Find historical examples that either support it, or contradict?<br/><br/><br/>A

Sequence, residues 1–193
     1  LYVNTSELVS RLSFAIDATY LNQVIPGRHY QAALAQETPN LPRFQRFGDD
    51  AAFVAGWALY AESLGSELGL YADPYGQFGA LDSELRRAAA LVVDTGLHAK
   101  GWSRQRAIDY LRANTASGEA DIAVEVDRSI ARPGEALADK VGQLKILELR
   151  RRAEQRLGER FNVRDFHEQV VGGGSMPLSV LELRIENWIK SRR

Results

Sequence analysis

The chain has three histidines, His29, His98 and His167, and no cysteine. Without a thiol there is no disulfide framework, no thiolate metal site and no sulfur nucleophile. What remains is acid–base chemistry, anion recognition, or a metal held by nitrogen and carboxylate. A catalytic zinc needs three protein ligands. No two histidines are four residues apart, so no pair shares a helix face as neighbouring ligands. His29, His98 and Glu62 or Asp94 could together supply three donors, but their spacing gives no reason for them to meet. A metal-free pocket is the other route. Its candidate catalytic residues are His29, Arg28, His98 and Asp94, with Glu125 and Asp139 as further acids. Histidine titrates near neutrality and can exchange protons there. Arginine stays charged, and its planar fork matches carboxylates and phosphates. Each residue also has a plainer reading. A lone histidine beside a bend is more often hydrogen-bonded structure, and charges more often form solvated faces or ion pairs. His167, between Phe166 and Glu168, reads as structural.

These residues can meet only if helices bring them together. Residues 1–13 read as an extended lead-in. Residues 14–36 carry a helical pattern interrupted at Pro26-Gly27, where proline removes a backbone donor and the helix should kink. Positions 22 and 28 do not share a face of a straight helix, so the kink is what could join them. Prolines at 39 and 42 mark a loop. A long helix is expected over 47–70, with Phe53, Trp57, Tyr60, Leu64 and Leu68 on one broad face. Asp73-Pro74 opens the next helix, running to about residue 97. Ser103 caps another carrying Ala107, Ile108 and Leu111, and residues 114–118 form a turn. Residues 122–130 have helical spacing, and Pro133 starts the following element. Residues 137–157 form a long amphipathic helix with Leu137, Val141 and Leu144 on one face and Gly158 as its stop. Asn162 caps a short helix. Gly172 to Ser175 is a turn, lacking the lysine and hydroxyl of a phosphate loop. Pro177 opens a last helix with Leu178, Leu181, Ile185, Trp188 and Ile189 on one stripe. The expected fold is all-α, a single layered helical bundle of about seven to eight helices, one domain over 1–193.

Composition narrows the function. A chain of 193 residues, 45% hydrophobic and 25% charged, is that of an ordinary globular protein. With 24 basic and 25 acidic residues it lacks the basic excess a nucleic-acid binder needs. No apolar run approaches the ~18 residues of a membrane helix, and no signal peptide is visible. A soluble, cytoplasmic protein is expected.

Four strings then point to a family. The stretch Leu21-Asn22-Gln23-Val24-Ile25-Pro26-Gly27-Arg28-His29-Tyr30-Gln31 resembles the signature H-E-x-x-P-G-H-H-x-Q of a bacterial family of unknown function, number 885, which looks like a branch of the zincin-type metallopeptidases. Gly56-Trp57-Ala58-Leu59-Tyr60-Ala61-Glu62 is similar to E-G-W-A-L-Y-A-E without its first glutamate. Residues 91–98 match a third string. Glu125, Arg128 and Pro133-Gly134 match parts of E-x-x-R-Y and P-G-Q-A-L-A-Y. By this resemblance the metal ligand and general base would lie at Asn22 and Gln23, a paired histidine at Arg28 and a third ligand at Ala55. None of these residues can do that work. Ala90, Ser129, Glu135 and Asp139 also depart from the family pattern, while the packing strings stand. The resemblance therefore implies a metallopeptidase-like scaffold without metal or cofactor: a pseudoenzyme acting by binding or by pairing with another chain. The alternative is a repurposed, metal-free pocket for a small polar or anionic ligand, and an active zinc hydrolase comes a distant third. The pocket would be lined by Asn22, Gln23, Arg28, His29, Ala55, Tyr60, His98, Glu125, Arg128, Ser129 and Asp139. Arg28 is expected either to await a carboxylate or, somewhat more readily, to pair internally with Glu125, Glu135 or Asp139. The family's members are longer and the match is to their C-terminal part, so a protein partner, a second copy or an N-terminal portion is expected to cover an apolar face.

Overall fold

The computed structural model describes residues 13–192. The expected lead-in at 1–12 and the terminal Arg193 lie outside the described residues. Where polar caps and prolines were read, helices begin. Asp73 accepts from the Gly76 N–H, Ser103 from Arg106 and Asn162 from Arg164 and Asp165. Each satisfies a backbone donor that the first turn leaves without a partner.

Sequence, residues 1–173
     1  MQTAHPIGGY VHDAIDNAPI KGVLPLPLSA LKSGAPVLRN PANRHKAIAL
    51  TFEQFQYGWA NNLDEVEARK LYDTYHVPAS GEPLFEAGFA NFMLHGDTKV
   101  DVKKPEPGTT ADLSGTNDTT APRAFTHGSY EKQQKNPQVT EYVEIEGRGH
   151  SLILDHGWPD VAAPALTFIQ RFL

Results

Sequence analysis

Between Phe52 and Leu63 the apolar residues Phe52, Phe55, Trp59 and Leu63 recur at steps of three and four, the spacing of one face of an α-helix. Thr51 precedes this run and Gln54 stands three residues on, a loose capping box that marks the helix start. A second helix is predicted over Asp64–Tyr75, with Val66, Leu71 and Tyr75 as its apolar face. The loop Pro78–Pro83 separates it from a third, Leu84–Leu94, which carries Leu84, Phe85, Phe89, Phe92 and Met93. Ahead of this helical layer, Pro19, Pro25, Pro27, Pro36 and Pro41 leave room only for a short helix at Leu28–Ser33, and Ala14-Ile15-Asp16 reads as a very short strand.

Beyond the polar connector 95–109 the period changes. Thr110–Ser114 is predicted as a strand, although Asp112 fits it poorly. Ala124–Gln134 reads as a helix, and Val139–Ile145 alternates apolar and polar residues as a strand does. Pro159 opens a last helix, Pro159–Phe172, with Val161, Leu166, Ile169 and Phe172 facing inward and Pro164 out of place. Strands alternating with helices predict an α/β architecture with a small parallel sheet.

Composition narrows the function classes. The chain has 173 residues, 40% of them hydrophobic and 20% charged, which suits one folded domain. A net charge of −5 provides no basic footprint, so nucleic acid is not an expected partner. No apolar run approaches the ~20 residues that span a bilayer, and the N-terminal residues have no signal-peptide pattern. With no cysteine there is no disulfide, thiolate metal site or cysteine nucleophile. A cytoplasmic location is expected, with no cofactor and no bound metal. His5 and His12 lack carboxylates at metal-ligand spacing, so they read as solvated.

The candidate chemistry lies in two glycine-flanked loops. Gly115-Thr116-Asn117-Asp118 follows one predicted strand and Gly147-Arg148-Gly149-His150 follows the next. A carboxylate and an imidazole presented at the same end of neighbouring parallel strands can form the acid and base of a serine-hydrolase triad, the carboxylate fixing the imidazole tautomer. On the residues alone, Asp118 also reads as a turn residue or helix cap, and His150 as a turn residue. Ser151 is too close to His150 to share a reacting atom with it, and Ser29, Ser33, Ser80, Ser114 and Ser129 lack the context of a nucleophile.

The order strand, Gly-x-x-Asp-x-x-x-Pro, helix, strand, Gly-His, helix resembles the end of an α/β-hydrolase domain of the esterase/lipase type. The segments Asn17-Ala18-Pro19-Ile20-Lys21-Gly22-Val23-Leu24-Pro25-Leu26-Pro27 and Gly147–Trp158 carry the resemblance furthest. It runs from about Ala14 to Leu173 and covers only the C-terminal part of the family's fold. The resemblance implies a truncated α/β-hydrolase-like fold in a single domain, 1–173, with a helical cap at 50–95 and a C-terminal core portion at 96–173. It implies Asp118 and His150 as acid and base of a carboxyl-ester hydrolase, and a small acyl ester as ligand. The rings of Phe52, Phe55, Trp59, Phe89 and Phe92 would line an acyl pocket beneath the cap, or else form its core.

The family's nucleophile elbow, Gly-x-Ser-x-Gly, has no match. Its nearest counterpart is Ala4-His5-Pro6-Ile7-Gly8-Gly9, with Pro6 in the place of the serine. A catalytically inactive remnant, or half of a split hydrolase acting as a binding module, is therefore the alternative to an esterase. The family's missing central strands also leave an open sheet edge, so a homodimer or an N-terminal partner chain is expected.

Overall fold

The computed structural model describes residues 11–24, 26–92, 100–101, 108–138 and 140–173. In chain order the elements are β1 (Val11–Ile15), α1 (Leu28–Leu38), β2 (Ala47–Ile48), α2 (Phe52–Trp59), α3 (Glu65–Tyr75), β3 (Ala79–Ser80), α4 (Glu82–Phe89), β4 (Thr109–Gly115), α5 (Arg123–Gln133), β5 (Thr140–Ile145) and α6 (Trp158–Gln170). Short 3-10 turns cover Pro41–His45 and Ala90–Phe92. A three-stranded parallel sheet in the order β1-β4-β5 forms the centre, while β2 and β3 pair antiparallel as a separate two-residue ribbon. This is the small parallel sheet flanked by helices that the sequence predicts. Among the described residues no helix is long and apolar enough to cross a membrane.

community begins to identify itself by the people in the community share something in common, such us, languages, religions, culture, personal interests, or goal. Most of the qualities expressed earlier can fall under the umbrella term culture. People of the same culture will often speak the same language, follow the same traditions, have the same skin color, and worship under the same religion. These ties foster understanding and trust, and they certainly made a distinct community. But, of all these attributes, I believe that religion and language play the broadest yet influential part in forming a community. To my notion and concept, community is a collectively individual group connected to one another and sharing one attribute. It is also a familiar string used to bring people together to advocate and defend each other in the fight to be able to overcome these strings. Community on the other hand, sees others as one body who have a common sense of belongings that connects us to the many relationships we develop. I think that a lot has changed in terms of gender roles and expectations from ancient times. For instance, gender roles in ancient India, women were cramped and restricted on education which infringes their future goals in life; besides, their rights as well. As the Code of Manu advises, is that "regarding this as the highest dharma of all four classes, husbands being the householders must strive to protect their wives". Wives were always hooked to performing housekeeping task; also, engaged in the collection of wealth, cleanliness, in cooking food for the family and looking after the necessities of the household. This posture and condition of women as stated in the code specifically meant "deserving of worship". In prehistoric times, I believe there was a high rise in gender roles that were mainly men. Women were also promoted less than men. In prehistoric times, men and women were objectively not equal. In this world of ours, gender roles seem to be equal regardless of one's culture, ethnicity, tribe, etc. In the modern world, gender roles are increasingly becoming more equal and indistinct. With the rise of the progressive movement in the early 1900s, women were continually given more rights and more doors opened in traditionally male-dominated fields for women. Today, although western society has remained patriarchal in many respects, I believe that some traditional expectations are also being eroded. In the United States, for example, it is not so uncommon now to find men who are stay-at-home fathers or women who are company executives.